Goss: How to ward off seasonal blues


Columnist Grayson Goss encourages those who may have seasonal affective disorder to prevent its effects with activities such as getting sunlight, exercising and meditating. Goss offers some advice for students to follow in order to reap the benefits of each activity.

Grayson Goss

As the air gets colder and the days get shorter, it is prime time for the seasonal blues (or seasonal affective disorder) to rear its head.

Seasonal affective disorder (SAD) is a depressive disorder that springs up around the fall and winter months, when there is less sunlight and colder temperatures encourage more indoor activities. The symptoms of SAD are like that of depression, where a person experiences a loss of interest in activities or a markedly depressed mood.

As such symptoms take hold, these seasonal blues can have a damaging effect on any student’s social, academic and personal wellbeing if left unchecked and untreated. Despite these seemingly harrowing effects of SAD, there are a few simple things you can do to prevent them. The best part is that none of them require medication.

Get some (sun)light  The main cause of SAD is low light exposure. In simple terms, certain biological structures in the brain lower their chemical signals as light exposure decreases, which results in the symptoms of SAD. To make matters worse, not everyone wants to go outside in the freezing cold winter months just to get some sunlight. With the advent of LED technology, you don’t have to leave your warm room to get sunlight.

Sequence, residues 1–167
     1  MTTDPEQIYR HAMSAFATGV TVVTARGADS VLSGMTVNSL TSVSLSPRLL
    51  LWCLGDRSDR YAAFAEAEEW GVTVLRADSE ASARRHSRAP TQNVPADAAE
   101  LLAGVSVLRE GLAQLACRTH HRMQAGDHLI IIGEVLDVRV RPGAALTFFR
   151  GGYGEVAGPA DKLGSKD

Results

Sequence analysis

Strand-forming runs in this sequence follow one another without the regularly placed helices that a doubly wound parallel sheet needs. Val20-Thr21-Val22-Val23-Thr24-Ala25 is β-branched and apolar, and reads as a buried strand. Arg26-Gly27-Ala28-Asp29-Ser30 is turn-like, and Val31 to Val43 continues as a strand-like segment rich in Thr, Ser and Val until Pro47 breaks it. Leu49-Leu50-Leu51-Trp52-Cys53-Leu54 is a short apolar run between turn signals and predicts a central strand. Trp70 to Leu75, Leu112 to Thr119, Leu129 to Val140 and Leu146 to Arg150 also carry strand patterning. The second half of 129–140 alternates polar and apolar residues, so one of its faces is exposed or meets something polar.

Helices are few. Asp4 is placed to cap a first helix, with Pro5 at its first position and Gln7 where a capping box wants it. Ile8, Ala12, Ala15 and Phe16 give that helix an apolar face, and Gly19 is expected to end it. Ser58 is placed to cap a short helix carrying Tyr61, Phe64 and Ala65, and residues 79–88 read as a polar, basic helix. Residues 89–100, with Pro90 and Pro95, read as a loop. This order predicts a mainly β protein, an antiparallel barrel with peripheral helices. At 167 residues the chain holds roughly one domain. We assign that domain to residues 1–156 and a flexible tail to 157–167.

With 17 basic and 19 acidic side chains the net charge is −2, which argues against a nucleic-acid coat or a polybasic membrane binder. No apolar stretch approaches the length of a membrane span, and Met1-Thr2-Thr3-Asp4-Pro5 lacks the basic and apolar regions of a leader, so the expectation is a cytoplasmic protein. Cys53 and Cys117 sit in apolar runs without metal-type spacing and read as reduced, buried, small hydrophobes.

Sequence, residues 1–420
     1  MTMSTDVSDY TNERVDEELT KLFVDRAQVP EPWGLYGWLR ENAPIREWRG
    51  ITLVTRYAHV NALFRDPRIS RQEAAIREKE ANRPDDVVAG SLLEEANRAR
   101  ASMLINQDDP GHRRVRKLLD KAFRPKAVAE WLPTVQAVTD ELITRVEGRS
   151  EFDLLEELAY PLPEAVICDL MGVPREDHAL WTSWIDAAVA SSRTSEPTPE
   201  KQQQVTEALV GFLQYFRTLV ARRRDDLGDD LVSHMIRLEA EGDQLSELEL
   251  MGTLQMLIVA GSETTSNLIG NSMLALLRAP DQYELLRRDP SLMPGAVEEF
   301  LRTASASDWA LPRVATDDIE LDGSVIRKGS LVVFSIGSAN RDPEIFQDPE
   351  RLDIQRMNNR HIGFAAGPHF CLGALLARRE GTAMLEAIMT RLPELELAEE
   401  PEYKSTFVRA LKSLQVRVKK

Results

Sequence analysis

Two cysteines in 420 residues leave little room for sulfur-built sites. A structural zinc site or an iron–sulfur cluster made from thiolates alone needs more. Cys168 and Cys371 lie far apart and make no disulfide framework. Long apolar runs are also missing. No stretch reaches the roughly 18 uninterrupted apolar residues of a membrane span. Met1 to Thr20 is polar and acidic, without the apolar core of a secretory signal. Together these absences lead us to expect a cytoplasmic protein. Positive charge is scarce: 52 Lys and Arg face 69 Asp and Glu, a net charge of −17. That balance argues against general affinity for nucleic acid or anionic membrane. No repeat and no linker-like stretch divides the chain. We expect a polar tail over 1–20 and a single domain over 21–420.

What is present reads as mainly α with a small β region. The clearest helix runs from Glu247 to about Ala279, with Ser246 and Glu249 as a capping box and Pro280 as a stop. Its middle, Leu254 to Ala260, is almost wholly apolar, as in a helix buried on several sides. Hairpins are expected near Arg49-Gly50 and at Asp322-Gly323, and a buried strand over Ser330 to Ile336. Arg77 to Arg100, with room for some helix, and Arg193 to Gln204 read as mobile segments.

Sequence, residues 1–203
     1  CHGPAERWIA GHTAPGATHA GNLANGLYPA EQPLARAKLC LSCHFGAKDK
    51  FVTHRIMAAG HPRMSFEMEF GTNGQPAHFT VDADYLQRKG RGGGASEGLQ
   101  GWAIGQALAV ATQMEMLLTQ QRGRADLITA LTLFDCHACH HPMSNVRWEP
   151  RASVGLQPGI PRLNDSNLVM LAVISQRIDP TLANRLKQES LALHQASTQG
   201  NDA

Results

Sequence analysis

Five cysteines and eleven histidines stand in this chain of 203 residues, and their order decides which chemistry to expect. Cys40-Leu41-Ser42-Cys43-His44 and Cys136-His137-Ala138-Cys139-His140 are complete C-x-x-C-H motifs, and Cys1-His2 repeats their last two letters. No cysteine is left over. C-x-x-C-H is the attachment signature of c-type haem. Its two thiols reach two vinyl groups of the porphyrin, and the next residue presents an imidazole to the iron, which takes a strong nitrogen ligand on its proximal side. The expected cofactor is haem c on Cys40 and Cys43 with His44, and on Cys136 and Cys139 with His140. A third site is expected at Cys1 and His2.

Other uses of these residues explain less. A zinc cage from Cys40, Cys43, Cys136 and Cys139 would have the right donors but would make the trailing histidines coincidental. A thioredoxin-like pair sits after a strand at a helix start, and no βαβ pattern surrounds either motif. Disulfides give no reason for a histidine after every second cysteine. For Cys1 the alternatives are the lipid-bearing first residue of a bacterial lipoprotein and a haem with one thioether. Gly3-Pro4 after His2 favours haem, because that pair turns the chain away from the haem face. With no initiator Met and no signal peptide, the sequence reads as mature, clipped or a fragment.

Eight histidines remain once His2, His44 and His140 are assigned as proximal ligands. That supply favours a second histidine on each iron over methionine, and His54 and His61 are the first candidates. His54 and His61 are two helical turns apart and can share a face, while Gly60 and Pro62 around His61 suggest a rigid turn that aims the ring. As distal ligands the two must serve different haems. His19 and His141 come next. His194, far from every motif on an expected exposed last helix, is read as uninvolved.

Therapy lights for SAD are a proven treatment for fall-onset SAD. You simply turn one on and have it sit near you for 20-30 minutes. It essentially acts as a therapeutic substitute for sunlight that stimulates those biological structures mentioned earlier. These light therapy boxes, however, can range from $40 to $400, so it is understandable if a college student cannot afford such a device. There are other ways to treat SAD that are not as expensive, though.

Exercise When the body exercises, it releases endorphins. Endorphins are a type of naturally occurring morphine in the body that both dulls pain and produces a feeling of pleasure. Consistent exercise with a regular release of these organic opiates can increase your feeling of wellbeing and even give you a runner’s high. Additionally, exercise has other benefits of improving memory and learning, as well as helping decrease anxiety and keeping your body physically fit.

Meditation — For all the spirituality surrounding the ancient practice of meditation, there exists a plethora of scientific evidence that this exercise in mindfulness has significant health benefits. In addition to lowering activity in the brain’s default mode network and reducing anxiety, meditation is also effective in treating depression and depressive disorders.

The best part about meditation is that it you don’t have to go on a spiritual journey searching for nirvana or pay thousands of dollars to get these benefits. Apps like Headspace and Sattva are freely available to anyone with a smartphone, and guided meditation videos are also available to anyone with an internet connection.

While using these methods can be extremely useful to combat the harmful effects of SAD, they are not a substitute for psychiatric help. If you or someone you know is struggling socially or academically, Iowa State has resources for counseling and psychiatric help that are freely available to students.